- 13 Jan 20
TAIKA WAITITI'S NAZI SATIRE IS ABSURD – AND FUN!
Satire is harder than it looks. Ideally, it needs a razor-sharp focus, a reason to exist, and it needs to be audacious. Satire is meant to punch up – but in order to do that, you need a target, a motive, and one hell of a right-hook.
Jojo Rabbit is a comedy with a lot of jokes about how ridiculous the Nazis were. It's also about the idea of acceptance, trying to fit in, and not embracing bigotry and ignorance just because it's the norm that surrounds you.
Based on the novel Caging Skies by Christine Leunens, Taika Waititi's film is amusing. Set during World War II, 10 year old Jojo (Roman Griffin Davis) is a lonely boy who attends a Hitler Youth camp, is very proud of his uniform, plasters posters of Hitler on his walls, and fills the void left in his life by his absent father, and his distracted mother, with an imaginary friend: a goofy, wisecracking, "down with the kids" Hitler, played by Waititi, who nags Jojo with lines like "Heil me, bro! Youıre overthinking it! You can heil me better than that!"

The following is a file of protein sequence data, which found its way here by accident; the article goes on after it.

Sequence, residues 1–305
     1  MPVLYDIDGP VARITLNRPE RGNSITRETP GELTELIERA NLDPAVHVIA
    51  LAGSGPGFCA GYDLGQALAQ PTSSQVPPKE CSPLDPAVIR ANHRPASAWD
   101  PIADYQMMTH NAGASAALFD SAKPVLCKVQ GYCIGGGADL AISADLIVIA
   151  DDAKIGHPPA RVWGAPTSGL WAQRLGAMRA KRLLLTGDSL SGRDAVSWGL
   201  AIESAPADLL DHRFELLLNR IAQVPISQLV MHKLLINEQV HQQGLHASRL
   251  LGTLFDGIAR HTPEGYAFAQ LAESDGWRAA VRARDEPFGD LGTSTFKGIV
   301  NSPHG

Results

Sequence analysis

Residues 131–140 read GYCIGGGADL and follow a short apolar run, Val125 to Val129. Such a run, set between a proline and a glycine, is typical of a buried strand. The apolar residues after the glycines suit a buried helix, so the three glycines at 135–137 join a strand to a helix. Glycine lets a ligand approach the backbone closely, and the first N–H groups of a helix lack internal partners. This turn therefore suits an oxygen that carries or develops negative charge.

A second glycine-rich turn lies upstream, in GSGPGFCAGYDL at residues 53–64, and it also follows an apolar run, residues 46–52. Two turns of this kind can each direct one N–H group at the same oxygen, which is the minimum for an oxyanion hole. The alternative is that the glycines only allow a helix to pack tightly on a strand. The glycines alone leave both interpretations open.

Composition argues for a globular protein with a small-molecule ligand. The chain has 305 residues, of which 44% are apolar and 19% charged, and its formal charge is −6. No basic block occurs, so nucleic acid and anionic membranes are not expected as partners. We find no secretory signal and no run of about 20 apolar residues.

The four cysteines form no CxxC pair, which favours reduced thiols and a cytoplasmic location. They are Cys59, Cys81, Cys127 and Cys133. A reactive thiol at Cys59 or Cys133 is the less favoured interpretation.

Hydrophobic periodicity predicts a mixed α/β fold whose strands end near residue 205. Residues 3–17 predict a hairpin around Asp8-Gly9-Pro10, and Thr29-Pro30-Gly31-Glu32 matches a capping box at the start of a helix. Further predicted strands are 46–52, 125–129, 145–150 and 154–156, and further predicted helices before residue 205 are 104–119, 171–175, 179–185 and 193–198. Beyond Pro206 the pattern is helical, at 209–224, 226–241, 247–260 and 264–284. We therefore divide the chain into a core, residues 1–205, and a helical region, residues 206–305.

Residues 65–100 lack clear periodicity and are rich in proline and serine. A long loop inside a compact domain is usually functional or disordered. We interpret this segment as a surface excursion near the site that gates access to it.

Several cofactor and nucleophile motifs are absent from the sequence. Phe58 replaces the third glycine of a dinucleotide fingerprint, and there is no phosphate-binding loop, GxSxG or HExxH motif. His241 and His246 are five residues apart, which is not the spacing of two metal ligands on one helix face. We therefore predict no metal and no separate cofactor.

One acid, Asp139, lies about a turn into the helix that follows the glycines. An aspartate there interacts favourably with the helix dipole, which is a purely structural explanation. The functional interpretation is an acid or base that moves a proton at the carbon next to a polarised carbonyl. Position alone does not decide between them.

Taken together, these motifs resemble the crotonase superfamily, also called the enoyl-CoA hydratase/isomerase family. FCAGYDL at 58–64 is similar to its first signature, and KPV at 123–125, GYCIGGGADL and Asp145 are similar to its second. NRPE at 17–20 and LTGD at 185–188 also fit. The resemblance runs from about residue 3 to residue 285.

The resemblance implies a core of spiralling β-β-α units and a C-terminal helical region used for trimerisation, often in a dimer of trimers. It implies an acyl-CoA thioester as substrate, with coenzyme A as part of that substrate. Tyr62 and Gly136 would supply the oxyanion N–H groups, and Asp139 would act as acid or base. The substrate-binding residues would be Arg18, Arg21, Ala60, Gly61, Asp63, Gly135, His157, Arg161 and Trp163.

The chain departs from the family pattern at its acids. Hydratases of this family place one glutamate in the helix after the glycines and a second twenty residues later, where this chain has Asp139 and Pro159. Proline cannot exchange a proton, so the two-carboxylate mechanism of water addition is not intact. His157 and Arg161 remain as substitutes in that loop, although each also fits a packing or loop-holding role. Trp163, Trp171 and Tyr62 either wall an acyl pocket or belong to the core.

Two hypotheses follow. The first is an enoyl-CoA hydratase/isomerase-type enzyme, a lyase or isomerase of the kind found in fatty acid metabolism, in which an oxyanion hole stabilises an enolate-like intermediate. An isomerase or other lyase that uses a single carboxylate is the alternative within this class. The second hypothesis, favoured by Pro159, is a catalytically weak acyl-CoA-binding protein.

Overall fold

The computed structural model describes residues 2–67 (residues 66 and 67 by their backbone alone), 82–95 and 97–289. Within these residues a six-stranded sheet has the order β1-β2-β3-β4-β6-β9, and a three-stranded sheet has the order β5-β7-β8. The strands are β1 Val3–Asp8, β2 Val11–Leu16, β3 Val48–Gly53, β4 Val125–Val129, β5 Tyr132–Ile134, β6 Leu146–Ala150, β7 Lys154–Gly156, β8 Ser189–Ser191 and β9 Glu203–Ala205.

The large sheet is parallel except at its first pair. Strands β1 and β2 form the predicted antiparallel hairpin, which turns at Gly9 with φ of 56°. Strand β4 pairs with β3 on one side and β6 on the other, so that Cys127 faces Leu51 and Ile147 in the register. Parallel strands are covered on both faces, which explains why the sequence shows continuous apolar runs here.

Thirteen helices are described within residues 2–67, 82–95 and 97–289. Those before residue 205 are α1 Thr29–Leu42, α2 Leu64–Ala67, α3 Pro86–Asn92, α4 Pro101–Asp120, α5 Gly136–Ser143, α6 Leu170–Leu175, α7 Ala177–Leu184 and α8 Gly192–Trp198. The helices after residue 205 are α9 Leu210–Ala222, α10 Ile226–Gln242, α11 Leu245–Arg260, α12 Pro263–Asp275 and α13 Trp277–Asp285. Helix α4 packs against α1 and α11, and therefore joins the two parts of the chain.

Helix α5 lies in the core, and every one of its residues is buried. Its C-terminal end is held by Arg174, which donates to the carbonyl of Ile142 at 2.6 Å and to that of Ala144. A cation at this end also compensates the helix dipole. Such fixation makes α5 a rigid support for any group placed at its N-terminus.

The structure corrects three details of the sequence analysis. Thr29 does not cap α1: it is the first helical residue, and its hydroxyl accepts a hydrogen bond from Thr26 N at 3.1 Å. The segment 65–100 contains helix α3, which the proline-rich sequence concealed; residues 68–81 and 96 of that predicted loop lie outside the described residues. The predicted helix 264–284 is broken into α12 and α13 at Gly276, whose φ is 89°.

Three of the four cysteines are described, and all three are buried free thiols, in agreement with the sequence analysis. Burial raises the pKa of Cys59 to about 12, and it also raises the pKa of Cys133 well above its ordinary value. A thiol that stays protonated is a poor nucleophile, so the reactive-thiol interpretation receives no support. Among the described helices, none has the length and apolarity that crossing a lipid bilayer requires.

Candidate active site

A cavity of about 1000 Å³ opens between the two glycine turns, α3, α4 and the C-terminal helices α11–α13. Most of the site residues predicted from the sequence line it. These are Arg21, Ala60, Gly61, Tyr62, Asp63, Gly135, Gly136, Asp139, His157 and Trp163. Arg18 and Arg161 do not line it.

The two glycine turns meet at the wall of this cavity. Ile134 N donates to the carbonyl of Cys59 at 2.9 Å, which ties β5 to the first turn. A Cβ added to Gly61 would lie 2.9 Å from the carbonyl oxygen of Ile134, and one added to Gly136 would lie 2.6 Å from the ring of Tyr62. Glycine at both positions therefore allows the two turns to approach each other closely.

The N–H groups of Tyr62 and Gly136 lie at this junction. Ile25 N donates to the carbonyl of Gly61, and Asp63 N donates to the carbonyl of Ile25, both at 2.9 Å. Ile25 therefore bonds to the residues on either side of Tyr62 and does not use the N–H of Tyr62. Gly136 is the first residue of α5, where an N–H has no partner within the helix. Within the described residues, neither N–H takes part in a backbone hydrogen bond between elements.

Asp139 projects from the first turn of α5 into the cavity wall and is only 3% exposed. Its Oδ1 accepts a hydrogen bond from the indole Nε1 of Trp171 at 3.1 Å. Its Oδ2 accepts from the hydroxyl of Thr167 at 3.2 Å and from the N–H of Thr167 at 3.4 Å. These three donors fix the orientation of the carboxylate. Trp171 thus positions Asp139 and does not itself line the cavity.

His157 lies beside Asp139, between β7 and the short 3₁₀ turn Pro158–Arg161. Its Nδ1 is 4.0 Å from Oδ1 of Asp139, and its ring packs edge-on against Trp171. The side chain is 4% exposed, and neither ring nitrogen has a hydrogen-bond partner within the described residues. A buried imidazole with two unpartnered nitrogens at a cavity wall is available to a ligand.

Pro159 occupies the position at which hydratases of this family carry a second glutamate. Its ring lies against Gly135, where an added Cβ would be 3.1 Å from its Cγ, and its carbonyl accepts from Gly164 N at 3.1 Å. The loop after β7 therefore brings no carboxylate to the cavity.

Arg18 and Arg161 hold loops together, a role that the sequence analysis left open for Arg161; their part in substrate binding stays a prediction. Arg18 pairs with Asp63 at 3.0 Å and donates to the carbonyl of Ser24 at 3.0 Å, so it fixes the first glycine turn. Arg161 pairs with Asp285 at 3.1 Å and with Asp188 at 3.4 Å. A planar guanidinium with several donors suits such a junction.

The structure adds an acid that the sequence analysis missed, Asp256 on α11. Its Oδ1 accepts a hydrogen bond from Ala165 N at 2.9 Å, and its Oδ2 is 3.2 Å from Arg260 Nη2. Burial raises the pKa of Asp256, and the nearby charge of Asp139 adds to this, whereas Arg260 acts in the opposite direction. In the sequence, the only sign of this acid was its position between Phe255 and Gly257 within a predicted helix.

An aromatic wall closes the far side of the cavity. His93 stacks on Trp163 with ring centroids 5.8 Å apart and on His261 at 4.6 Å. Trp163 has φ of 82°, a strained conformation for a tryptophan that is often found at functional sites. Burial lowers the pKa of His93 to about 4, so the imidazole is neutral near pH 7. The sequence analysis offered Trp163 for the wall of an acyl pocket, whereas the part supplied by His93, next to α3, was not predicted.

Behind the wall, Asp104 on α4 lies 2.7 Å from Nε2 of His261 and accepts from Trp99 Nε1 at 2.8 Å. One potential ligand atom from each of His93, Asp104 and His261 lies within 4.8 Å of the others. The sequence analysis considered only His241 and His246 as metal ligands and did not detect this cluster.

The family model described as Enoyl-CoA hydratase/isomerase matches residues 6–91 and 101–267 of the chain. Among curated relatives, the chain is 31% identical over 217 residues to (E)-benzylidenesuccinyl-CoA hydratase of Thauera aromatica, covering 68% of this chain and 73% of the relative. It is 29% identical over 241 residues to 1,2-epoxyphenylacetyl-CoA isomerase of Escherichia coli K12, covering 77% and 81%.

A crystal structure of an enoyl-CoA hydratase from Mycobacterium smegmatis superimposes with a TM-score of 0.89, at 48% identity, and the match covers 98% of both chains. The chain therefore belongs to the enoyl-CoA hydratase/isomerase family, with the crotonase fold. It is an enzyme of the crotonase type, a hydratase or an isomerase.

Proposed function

This imaginary, flamboyant, tantrum-throwing, hipster Hitler is only slightly more absurd than the other adults who surround Jojo, such as Rebel Wilson's Fraulin Rahm, who encourages Jojo and his campmates to believe that Jewish people have devil horns, perform hypnosis and are covered in scales. But these are the kind of myths and lies that a child's imagination will latch on to, so Jojo falls for them, hook line and sinker – until he discovers Elsa (Thomasin Harcourt McKenzie, graceful, steely and fragile), the Jewish girl his mother (Scarlet Johansson) has been hiding in their house. The pair strike up a friendship that throws Jojo's whole worldview into question.
Griffin Davis is a wonderfully expressive young actor, and the film's Wes Anderson-like absurdity and great, Bowie-filled soundtrack are fun.